STANFORD -- Pitching prospect Mark Appel stands by controversial agent Scott Boras and the decisions after the 2012 major league baseball amateur draft that led the All-American to return to Stanford for his senior season.
"I don't think any team is unwilling to negotiate with Scott Boras," Appel said Thursday during Bay Area college baseball media day. "I can't tell you what the teams were thinking because we never talked to any teams. Whether teams made assumptions that weren't true, obviously we saw what the result was."
Boras served as an advisor to the 6-foot-5 right-hander, who rejected a $3.8 million offer from the Pittsburgh Pirates after falling to eighth in the June draft. At one point, Appel was projected to be the overall No. 1 pick in a draft that underwent new restrictions to reduce spending imposed by a new labor contract.
In offering the most detailed explanation of what happened since the draft, Appel said his decision had nothing to do with the Pirates' long-term struggles in the standings. Appel kept his college eligibility because he did not hire an agent.
"At the time of the draft, they were the hottest team in baseball," he said. "They were fun to watch. It wasn't about the Pirates. I had to make a decision that was best for my career going forward."
Appel acknowledged some people view him as a pawn for Boras and other agents fighting with baseball's owners. But he dismissed the idea.
"It wasn't Scott Boras' decision," Appel said of returning to Stanford. "He's my advisor. He laid it out in a way that made sense. It was a conscious decision. I knew what I was getting myself into."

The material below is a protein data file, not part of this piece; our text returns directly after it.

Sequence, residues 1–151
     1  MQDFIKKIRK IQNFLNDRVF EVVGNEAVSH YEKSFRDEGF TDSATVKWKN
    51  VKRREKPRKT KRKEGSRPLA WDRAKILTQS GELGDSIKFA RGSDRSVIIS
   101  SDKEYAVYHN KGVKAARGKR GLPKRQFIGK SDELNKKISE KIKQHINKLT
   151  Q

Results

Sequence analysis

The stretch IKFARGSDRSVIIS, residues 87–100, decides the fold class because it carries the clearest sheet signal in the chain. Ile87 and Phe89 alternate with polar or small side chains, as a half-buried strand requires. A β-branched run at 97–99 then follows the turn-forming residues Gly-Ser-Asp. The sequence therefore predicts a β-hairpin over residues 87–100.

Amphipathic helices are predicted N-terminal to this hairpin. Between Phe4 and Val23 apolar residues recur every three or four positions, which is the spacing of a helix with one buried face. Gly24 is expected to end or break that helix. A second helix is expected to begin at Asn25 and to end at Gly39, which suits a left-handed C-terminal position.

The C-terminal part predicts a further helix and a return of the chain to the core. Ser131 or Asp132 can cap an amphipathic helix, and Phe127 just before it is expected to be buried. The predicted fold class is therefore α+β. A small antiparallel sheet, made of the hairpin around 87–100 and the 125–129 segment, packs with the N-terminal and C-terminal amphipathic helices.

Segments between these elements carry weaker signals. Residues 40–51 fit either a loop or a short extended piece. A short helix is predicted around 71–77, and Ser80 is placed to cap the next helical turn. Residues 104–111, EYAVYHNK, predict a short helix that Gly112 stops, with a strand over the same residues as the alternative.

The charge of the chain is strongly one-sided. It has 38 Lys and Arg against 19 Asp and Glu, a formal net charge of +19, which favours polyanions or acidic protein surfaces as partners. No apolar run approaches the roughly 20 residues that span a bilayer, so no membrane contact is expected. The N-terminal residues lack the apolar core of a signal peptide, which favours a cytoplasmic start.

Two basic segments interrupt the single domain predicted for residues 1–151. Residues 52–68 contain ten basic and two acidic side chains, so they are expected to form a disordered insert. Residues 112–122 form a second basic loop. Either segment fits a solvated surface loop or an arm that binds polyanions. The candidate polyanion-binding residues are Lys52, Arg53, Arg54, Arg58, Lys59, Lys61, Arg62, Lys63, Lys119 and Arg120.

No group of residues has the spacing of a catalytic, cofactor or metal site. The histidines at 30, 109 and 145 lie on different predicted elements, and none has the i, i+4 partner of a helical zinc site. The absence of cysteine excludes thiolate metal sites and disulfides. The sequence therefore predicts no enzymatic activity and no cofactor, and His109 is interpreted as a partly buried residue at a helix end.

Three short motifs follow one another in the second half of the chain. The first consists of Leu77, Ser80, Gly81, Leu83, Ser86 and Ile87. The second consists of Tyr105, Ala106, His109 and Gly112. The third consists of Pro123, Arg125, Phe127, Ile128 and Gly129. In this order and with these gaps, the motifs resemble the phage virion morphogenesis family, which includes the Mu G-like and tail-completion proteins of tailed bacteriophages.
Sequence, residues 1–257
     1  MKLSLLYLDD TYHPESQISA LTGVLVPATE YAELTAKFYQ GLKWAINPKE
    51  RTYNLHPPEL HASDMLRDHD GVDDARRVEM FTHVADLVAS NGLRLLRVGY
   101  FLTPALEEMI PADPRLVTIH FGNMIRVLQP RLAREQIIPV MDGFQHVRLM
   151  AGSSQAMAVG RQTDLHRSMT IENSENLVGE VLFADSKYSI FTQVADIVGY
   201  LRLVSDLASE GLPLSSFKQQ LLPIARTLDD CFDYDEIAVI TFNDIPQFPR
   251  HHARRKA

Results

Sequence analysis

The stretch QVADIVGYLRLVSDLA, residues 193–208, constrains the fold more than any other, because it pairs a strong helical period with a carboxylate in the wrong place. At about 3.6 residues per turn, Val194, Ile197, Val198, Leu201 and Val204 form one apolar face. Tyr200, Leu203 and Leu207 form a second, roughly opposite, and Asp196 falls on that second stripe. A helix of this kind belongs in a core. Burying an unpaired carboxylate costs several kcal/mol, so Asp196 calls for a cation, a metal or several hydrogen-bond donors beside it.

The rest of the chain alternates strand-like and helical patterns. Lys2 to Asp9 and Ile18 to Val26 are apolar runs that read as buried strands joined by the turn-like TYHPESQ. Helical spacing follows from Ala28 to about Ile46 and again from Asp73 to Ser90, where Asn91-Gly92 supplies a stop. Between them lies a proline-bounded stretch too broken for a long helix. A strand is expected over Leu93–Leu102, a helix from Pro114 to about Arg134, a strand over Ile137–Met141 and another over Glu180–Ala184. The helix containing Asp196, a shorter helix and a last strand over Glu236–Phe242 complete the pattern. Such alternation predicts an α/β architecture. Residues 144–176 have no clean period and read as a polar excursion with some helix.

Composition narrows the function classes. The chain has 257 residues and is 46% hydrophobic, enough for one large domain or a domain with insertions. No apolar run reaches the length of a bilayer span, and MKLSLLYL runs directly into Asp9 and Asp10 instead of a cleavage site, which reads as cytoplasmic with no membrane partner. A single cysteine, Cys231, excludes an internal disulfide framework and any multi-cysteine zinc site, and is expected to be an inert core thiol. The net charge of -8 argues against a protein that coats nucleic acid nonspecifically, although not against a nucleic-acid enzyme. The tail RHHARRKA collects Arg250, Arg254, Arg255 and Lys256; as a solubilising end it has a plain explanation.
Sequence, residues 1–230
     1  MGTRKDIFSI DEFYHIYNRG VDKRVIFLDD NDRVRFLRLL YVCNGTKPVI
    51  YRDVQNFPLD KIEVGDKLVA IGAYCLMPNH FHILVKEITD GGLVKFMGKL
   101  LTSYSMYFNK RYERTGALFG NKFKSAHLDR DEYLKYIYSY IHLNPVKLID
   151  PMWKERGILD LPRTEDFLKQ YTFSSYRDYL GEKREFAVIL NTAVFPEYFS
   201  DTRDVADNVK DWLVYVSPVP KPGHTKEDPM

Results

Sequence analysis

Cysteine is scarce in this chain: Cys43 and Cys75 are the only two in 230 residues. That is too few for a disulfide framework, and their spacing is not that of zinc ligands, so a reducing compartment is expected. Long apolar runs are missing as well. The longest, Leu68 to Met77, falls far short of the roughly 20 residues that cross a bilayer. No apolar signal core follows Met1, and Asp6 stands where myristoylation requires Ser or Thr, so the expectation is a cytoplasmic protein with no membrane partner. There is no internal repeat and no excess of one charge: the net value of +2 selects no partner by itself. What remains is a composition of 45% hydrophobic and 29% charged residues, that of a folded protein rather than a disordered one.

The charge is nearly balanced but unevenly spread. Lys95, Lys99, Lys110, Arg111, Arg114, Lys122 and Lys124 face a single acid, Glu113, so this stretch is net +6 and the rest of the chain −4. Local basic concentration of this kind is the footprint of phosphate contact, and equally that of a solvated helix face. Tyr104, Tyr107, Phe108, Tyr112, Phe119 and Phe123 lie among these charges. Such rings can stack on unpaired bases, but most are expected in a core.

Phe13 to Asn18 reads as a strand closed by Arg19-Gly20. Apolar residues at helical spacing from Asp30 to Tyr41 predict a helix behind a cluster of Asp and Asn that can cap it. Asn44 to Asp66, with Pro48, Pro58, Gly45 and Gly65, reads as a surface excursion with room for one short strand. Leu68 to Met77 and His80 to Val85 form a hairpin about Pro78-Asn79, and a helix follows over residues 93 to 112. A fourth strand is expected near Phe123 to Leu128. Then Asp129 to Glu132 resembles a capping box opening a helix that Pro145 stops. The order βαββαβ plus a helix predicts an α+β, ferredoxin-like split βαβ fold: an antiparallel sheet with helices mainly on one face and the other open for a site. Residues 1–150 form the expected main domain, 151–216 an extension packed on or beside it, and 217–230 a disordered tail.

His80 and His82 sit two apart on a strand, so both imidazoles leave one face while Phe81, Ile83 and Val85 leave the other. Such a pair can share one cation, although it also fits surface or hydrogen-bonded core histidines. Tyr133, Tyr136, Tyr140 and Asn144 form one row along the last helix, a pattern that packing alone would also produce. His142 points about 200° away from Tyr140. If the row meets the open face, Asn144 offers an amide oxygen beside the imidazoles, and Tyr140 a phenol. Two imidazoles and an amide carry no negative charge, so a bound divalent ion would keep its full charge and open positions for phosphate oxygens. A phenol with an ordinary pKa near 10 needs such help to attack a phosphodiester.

Appel also isn't worried his decision will haunt him in this year's draft should he receive a less lucrative offer.
"It's not all about money for me," the former Monte Vista High-Danville star said. "There are a lot of things I value greater than money. Money means a lot to a lot of people. It seems like a social status. I'm not defined by how much I earn or will earn."
The man with a 95 mph fastball rejected the notion that his professional career will be stalled by playing at Stanford instead of in the minor leagues. The Cardinal open the season Feb. 15 at Rice.
"I don't understand how people can say I can't keep working and getting better at Stanford," Appel said. "The work I am putting in at Stanford is just as good and just as hard as anywhere else."
Appel is one of three Cardinal players named to Baseball America's preseason All-America first team. The others: outfielder Austin Wilson and first baseman Brian Ragira.
He will finish classes next month for a degree in management science and engineering.
Contact Elliott Almond at 408-920-5865. Follow him on Twitter at twitter.com/elliottalmond.